Kubrick’s Universe - The Stanley Kubrick Podcast

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The Seafarers with Alexander Pietrzak

March 23, 2021


Episode 44 : The Seafarers with Alexander Pietrzak

In 1953, twenty-five-year-old Stanley Kubrick shot his first colour film, The Seafarers. In doing so, he also scored an early payday as a young independent filmmaker. Lost to the public for decades, Kubrick’s industrial short film for the SIU was ultimately brought to the attention of Kubrick scholars and fans by an intrepid young enthusiast and filmworker himself named Alexander Pietrzak. Quite a ways back Alexander set out on a mission to see if a copy existed. He did so for one reason — to help ensure Kubrick’s first colour film might see the light of day; as necessary preservation of a historical document.

In 1997 he received a VHS copy from the Seafarers International Union itself, he learned that the original production company had long gone out of business with all its assets liquidated. It turns out that the short film had been "discovered" by a man during an inventory screening in 1972.

Alexander remained tireless in his efforts. After engaging in a ton of correspondence and meeting with disappointment along the way, Alexander persevered. And we fans of all things Stanley are grateful.

This episode takes us back a bit into our own vaults, as Alexander was kind enough to be an early guest on Kubrick’s Universe. Among other stories, in this episode, we’ll hear Alexander share his tale of why it was important to him personally to be given the blessing of the Kubrick Estate to release the short film to how The Seafarers went from near-total obscurity to finally being made available by the U.S. Library Of Congress through archival restoration. Indiana Jones himself would be proud. We’ll also hear excerpts from the rare audio commentary track on The Seafarers DVD, provided by actor/director Keith Gordon and Roger Avery, of Pulp Fiction screenwriting fame. There might even be a personal connection from Alexander’s childhood to a film Kubrick would make twenty years later. Did young Alexander cross paths with Stanley on the set of Barry Lyndon? Well, you’re gonna have to stay tuned to find out. So let’s get into it, shall we?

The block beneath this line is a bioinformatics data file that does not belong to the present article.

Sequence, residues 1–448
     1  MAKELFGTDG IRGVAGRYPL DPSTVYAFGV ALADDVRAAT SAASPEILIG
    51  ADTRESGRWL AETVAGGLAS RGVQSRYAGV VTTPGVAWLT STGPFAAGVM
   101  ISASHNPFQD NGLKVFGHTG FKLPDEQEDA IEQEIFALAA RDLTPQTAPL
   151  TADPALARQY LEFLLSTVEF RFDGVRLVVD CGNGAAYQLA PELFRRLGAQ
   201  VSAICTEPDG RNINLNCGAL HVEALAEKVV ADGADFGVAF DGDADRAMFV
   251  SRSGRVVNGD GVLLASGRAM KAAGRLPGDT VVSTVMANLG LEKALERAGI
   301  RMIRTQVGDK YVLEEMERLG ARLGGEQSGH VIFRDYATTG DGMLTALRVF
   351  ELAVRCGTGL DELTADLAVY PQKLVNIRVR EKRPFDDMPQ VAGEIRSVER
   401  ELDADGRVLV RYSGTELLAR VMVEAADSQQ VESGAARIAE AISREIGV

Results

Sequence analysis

Production Credits :

Hosted by Jason Furlong / Researched and written by Stephen Rigg and Jason Furlong  / Theme written and performed by Jason Furlong / Produced and edited by Stephen Rigg / Contributions by Mark Lentz & James Marinaccio